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Member Policy Toolkit

Internet Policy Talking Points

To make the case to politicians and members of the public alike, it’s important to have clear, logical points around the major issues facing our industry. We invite you to incorporate these talking points into how you address these issues:

Policy Handbooks Understand the Issues and Policies Affecting the Internet Infrastructure Industry

i2Coalition US Tech Policy Handbook

The US Tech Policy Handbook was created for the i2Coalition’s 10th anniversary Washington, D.C., fly-in in June 2022. It provides important background on issues such as Intermediary Liability, WHOIS Privacy, US-EU Transatlantic Data Privacy, Data Access by Law Enforcement, and much more. The US Tech Policy Handbook provides important background on policy issues, along with key messaging on how those points may impact the Internet Infrastructure industry.

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i2Coalition EU Tech Policy Handbook

In 2022, the i2Coalition and our Brussels-based partner Political Intelligence created an EU Tech Policy Handbook outlining the EU’s abstruse legislative and non-legislative processes that are relevant to members of the i2Coalition. It also serves as a ‘cheat sheet’ on EU policy-making to contextualize new developments, which are tracked in monthly EU reports for members.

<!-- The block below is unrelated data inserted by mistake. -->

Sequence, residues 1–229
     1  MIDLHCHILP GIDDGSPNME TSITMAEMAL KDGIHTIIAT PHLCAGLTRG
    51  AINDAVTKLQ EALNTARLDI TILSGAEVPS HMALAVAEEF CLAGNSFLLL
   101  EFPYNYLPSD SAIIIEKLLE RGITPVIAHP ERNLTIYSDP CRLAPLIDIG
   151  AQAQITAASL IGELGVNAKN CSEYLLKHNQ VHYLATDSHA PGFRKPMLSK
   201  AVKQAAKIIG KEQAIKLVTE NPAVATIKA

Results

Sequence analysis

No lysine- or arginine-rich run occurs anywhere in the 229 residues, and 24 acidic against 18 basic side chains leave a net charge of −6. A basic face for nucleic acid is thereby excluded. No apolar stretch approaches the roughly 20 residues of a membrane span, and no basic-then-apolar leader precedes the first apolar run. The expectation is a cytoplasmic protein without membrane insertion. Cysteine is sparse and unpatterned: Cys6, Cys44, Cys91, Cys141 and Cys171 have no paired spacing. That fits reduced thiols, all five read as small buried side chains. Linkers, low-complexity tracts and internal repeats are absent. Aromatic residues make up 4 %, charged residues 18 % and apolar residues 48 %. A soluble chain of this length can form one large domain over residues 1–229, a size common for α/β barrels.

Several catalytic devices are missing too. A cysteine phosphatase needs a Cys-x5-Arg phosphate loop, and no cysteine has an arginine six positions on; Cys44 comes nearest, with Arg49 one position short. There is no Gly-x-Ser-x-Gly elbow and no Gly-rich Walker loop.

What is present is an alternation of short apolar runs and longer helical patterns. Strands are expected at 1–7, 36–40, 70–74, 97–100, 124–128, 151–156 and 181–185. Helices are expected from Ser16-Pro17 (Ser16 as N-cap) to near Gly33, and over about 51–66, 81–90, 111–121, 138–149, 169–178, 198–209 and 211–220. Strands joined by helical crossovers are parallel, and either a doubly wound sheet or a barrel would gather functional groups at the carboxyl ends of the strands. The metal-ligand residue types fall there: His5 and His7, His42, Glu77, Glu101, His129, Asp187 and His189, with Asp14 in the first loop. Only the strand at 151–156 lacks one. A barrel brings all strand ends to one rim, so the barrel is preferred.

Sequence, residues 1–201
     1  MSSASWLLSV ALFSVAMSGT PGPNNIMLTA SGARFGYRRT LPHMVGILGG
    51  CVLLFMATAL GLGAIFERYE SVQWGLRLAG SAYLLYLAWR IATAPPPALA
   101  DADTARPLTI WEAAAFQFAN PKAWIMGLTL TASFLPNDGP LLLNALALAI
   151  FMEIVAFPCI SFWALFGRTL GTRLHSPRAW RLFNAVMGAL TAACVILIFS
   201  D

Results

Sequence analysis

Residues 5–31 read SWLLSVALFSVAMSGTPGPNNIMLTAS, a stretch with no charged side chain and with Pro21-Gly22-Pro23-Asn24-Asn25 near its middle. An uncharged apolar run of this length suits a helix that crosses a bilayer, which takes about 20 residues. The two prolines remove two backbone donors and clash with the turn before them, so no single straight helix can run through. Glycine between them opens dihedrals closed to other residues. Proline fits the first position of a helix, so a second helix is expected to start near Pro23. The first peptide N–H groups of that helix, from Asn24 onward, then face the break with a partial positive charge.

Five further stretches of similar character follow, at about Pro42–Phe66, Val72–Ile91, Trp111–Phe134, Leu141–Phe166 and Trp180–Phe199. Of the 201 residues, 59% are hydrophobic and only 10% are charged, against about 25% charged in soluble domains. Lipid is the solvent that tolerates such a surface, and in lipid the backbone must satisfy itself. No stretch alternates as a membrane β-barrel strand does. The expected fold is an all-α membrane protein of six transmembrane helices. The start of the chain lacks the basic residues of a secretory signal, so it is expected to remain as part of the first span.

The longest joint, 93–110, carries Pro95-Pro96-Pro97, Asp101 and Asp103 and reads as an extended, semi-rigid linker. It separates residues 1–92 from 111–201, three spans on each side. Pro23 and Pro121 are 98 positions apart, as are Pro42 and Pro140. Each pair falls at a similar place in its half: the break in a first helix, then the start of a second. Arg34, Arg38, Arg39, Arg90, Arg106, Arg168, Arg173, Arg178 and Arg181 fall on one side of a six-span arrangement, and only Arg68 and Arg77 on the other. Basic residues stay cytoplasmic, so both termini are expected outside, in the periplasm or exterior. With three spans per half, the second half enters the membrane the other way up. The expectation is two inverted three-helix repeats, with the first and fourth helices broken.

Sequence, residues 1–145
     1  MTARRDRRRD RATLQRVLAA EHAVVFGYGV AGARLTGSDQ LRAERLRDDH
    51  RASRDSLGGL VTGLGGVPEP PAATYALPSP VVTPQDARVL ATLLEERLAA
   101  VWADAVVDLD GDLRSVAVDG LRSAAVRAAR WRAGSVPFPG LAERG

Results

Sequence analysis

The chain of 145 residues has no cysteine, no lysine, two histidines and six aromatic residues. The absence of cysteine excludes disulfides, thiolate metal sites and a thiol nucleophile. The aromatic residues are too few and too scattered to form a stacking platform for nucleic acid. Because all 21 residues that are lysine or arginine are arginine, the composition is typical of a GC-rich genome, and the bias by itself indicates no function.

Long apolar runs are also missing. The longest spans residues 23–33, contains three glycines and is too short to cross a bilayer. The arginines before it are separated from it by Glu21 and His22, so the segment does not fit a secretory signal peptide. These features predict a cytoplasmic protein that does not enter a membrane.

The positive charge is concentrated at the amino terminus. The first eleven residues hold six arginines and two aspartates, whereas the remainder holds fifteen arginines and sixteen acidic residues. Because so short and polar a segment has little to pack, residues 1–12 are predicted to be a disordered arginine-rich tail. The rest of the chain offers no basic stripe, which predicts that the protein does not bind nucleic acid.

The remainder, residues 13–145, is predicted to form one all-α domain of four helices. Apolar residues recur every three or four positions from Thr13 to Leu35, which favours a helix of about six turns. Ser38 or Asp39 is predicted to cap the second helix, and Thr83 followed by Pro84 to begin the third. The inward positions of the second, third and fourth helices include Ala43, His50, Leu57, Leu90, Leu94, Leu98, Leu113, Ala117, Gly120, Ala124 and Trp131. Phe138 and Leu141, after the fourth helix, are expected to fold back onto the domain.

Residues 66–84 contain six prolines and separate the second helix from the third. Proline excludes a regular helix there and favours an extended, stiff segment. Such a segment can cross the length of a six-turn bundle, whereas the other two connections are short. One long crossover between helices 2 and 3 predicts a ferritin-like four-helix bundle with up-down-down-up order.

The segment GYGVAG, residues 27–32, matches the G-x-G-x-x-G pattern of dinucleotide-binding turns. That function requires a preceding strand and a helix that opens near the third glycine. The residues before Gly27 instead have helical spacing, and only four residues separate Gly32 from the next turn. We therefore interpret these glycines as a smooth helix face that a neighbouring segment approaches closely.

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Graphics & Resources

Infographic: Internet Infrastructure Brings U.S. Industry to Market

This infographic gives a high-level view of how Internet Infrastructure providers bridge the gap between all the amazingly creative producers and satistified consumers. Internet Infrastructure powers the modern digital economy, empowering both creators AND consumers.

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Download Infographic Above (.PNG)

The i2Coalition Statement on DSA: 

Explaining the mechanisms of the Internet technical stack, and of the types of companies that operate within it. 

Our response to the EU’s Digital Services Act (DSA) provided a useful framework for policymakers to understand the different layers making up the Internet and how legislation should be applied differently.

In regards to whether Internet infrastructure intermediaries may end up inadvertently being defined as a platform:

“A clear distinction should be made for instances where the selection and presentation of content is entirely determined by content providers using the hosting service (mere hosting); or where the presentation of content is determined by the service provider, using content selected by the service provider from amongst content uploaded by different content providers (online platforms).”

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Download Infographic on Content Moderation (.PNG image)

Other Resources

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